With the exception of those who do it, does anyone understand what “vaping” really is?
Sure, you’ve seen the e-cigarette. It resembles some sort of steaming pen, right?
Beyond that, most of us have nothing but a blank stare. So what is it, and is it safe? And what’s up with the new Food and Drug Administration crackdown on e-cigarettes?
Certainly many teens think it’s cool. In fact, more than a quarter of a million youth who had never smoked a cigarette tried vaping in 2013, according to a Centers for Disease Control and Prevention study published in the journal Nicotine and Tobacco Research.
Given those numbers, and reports that they are growing, what should kids (and everyone, for that matter) know about e-cigarettes? And what will the new FDA regulations mean for them?
What is vaping?
Vaping delivers nicotine through a flavored liquid atomized by an e- (for electronic) cigarette.
The liquid base is usually a vegetable glycerin or propylene glycol. Interestingly, propylene glycol, while present in many food products such as salad dressings, is also used to de-ice planes.
Whichever form is its base, the liquid (which comes in variations of 0 to 24 milligrams of nicotine) is vaporized through a battery-powered atomizer. The resulting vapor is then inhaled to simulate the experience of smoking.
“Some people think this might be a way to quit smoking,” said Lisa Lowery, MD, division chief of Spectrum Health Helen DeVos Children’s Hospital Adolescent Medicine. “Because of the flavors, the gadgets and lack of regulations, the idea soon became attractive to kids. When you vape, you are exposing yourself to chemicals—inhalants and contaminants—and in many cases, nicotine.”
Dr. Lowery added deeper concerns about the popularity of e-cigarettes.
“Some kids are even using the vaping tool and putting marijuana oil in it,” she said.
She noted that some retail vaping shops have become teen hangouts.
“Manufacturers are selling them just like they did cigarettes, promoting their use as a sexy, bold and rebellious move,” said Libby Stern, LMSW, TTS, a tobacco treatment specialist at Spectrum Health Healthier Communities. “You can see the appeal of these flavored electronic gadgets to youth.”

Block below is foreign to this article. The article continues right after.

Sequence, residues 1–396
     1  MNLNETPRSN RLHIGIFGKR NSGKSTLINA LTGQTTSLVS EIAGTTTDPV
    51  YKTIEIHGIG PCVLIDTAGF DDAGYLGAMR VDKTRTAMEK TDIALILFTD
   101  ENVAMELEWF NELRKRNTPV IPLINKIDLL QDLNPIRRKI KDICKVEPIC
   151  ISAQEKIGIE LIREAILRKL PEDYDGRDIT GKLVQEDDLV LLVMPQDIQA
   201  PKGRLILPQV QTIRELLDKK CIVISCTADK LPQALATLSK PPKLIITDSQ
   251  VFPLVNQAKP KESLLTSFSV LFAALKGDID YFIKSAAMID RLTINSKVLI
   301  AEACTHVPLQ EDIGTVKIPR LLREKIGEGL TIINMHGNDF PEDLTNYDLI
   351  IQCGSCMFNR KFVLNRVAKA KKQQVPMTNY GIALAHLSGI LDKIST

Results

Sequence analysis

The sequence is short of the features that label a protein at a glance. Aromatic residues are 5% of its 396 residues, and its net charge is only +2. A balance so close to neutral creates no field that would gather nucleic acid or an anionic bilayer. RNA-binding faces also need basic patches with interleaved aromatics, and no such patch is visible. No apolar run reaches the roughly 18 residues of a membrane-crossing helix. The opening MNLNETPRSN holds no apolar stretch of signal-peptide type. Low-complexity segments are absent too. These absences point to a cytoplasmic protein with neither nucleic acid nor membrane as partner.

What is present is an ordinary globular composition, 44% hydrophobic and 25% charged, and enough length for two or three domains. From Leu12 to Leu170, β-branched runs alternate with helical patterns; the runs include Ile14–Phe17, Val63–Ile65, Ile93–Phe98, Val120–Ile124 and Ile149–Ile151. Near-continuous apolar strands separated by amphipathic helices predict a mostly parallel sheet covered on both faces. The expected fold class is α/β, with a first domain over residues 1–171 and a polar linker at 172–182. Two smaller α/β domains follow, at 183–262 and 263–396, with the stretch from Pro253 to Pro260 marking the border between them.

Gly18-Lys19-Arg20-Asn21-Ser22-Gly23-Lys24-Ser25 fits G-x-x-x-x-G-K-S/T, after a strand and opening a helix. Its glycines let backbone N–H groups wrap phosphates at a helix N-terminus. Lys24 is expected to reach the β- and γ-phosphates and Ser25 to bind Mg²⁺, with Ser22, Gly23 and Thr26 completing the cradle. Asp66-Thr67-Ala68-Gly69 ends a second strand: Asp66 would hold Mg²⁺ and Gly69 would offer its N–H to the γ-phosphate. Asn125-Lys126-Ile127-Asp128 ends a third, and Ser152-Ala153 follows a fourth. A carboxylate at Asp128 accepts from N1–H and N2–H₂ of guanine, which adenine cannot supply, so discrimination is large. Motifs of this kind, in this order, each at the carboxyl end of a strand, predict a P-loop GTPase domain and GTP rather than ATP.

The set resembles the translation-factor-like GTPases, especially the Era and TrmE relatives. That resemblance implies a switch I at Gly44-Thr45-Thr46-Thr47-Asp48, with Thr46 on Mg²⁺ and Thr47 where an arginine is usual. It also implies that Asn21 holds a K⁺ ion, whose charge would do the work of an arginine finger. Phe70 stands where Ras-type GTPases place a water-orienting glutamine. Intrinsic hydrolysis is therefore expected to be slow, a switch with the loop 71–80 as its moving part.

FDA targets youth vaping
In early May, the FDA took action. In new regulations that went into effect in August, the FDA banned the sale of e-cigarettes to anyone under 18 and required an ID to buy them if you look like you’re younger than 26.
This is huge, by all accounts.
The New York Times wrote that these sweeping reforms “shifted the terms of the public debate” and health experts have expressed fears that a new generation has become hooked on nicotine.
While it’s a good first step, Dr. Lowery said, parents still need to be on guard.
“Teens can be very savvy and, like they have done with cigarettes and alcohol in the past, they may try to get around rules and bans regarding purchasing e-cigarettes,” she said.
Stern agreed that the ruling by the FDA to begin regulating emerging and previously unregulated tobacco products is a good first step. But, she said, it “really misses the mark in protecting our youth by the failure to regulate the 7,700-plus flavorings and the careless marketing of these products.”
She said the flavorings—such as gummy bear, cotton candy, cocoa puffs—are major factors in youth use.
Health effects and quitting
Few studies have examined health effects of vaping, but a 2013 study indicates at least a reduced toxicity level compared to smoking a cigarette.
Yet, since it’s relatively new, no long-term data exists.
From a parent and doctor perspective, Dr. Lowery urged, “We also need to be aware of what vaping can represent: a behavior that may indicate an emotional or social struggle. It can be a signal of bucking against authority or act as a gateway to riskier actions.”
Stern said drug addiction is the same, it’s the route of administration that’s different. Vaping can be just as addictive as smoking cigarettes, and has similar health consequences. Quitting can be difficult, but doable with the right support.
“Like with other addictions to nicotine products, having a well-developed quit plan is essential,” she said. “For adults it should address things like coping with triggers and urges, getting support, developing coping and problem-solving skills and stress management. For youth, avoiding peers that use and developing refusal skills are also a crucial part of the plan.”